Thursday, February 7, 2008

Paper or Plastic?

I'm trying to stop using these because of their effect on the environment and because they take a hell of a lot of energy to create. Once confronted with the evidence of the blight created by the lowly plastic bag, I can't justify accepting them anymore.

Like most Americans, I want to be environmentally conscious. I want to try and do my part but often that wanting lingers in a state of perpetual inertia. I want to do something but I don't want to inconvenience myself too much; then our local A&P made it easy for me. For just $.99 I could purchase these 100% recycled pretty cool bags

Plus every time I use one of my nifty new bags two cents per bag is taken off the register. How cool is that?

I'm doing my part for the earth, end of story right? Nope, I feel like I'm chipping away at the Great Wall of China every time I shop. I just can't seem to get the cashiers to understand that I don't want their plastic bags anymore. I don't want to place my meats in plastic bags before I put them into my re-usable bags. No, I don't want to just put the eggs in the plastic bags. Is there some scientific evidence proving that eggs will not break if placed into flimsy plastic bags? Do cashiers get paid based on the number of plastic bags they manage to use?

When I've had someone help me bagging the groceries they only want to place three items into my bags, fearing that these re-usable bags will disintegrate. Then they whip out the plastic. I beg them to please load up the bags pulling at the straps to illustrate how sturdily constructed they are only to be greeted with skepticism. I'm beginning to feel like Galileo telling the church that sun does not revolve around the earth.

During the holidays, I took my trusty bags to the mall. Why come home loaded with evil plastic? Granted, people wouldn't be able to see a visual display of my shopping itinerary but they would get to see a wonderful photo of an Amazon tree frog. I felt good about my decision until I reached the check-out at Old Navy and announced proudly that I didn't need a bag. The cashier began putting the clothes into a plastic bag, like a robot, asking me if I'd like to receive a 10% discount by applying for an Old Navy credit card. I said no and repeated that I wouldn't be needing a bag. He smiled at me and handed me a receipt and the plastic bag and wished me a Happy Holiday.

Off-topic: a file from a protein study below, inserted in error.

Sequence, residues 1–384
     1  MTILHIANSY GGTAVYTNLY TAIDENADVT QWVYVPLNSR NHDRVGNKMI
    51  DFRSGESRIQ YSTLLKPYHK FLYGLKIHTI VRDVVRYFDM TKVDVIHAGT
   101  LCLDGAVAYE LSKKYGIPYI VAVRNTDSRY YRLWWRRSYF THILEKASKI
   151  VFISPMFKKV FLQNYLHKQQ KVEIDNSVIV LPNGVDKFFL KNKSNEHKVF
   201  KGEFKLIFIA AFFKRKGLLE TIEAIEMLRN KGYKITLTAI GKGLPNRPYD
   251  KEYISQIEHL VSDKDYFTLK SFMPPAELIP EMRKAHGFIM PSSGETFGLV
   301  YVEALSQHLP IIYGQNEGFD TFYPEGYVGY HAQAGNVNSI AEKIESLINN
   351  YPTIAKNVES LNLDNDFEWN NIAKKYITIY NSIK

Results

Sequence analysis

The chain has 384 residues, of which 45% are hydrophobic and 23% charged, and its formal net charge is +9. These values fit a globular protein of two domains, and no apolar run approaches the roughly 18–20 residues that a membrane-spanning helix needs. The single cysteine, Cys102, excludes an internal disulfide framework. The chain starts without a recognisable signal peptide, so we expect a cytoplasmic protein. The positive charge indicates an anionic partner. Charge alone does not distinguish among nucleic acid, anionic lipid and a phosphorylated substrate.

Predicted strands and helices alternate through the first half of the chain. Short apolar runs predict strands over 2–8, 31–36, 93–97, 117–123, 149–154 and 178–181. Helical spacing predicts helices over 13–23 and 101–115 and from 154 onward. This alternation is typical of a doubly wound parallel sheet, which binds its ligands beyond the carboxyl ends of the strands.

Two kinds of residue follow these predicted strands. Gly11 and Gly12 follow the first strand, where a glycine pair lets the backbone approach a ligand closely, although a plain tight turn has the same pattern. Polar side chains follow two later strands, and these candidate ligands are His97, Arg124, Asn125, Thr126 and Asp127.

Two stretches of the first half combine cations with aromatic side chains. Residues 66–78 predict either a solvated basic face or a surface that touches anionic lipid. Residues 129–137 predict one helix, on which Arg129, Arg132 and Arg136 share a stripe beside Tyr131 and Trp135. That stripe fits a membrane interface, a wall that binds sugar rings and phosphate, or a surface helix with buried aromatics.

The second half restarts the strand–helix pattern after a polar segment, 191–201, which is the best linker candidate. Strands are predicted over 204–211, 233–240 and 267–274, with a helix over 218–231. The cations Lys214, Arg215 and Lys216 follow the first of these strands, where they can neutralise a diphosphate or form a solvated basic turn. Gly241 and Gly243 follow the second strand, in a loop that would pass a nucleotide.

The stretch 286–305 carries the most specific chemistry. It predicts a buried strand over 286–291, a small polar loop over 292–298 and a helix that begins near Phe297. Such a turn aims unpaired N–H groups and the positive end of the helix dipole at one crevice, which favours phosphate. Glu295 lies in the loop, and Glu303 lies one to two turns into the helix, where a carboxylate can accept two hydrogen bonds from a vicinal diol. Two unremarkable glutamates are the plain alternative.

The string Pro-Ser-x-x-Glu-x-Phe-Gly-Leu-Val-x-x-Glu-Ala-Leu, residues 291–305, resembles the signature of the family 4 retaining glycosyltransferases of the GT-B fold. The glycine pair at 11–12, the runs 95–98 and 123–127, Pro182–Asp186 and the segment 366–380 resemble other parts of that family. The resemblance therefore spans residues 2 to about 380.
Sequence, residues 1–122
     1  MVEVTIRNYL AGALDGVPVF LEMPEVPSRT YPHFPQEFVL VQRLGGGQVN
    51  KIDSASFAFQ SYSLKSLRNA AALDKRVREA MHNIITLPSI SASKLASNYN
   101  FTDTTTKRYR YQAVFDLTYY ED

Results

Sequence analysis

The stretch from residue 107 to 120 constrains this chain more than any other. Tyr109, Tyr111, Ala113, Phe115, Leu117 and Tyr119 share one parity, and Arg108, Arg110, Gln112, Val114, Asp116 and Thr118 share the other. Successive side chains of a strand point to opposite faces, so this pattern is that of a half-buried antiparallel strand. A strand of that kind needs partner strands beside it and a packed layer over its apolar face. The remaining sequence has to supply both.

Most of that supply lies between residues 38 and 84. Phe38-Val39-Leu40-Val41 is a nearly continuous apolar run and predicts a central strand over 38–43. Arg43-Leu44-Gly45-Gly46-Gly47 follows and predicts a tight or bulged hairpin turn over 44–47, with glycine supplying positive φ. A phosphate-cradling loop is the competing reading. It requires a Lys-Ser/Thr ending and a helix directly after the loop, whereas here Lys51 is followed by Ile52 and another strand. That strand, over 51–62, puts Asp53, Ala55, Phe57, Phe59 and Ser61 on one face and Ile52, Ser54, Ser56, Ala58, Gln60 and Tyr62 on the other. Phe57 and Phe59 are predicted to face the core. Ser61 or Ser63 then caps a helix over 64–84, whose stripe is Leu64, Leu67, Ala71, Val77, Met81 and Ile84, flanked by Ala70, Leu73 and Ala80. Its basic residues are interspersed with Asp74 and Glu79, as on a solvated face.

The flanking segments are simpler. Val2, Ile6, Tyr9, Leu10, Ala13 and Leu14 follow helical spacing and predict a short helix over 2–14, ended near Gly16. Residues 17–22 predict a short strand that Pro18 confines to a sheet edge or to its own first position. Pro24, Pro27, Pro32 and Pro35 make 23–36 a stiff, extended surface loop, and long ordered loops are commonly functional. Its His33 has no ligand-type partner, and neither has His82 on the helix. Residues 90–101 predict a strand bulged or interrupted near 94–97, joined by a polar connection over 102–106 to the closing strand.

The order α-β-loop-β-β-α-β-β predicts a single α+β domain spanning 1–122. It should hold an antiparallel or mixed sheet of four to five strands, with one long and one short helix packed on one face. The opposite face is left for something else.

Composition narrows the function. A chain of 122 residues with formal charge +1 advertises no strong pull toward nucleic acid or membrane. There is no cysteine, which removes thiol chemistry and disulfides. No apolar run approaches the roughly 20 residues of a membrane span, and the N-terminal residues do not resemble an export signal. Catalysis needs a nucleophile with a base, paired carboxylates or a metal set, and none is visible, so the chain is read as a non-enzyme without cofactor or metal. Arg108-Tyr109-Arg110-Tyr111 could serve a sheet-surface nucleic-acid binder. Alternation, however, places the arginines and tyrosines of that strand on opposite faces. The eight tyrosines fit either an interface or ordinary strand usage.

Each store seemed shocked by my request to hold on to their bags. One woman at Zumiez, actually got a bit defensive, telling me that mall security would have the right to stop me if I didn't have a bag. I guess I was supposed to quake at this. I smiled and told her that was fine and I still wouldn't need a bag. She hesitated before handing me my purchase. I assured her that other stores did allow me to use my own bags but she seemed full of doubt and mumbled something uncomplimentary. Whatever happened to days of "the customer is always right"?

It's scary when the rest of the world (even China) is cutting down drastically on plastic bag consumption while we American's are proudly walking around with one pack of batteries and a Snickers bar in a plastic bag as we leave the store clueless to the cost of that bag. Sometimes I feel the rest of the world is passing us by. I'm waiting to see which presidential candidate sports their own re-usable shopping bags. I think they might just get my vote.

1 comment:

Mary and Rhett said...

I think it's a slow process, we'll get there eventually.

Buying in bulk saves on energy production and packaging materials.
In our household of six it makes more sense, environmentally and economically to buy #10 cans of tomato sauce, condiments, canned fruit and such.
Have fun on your trek.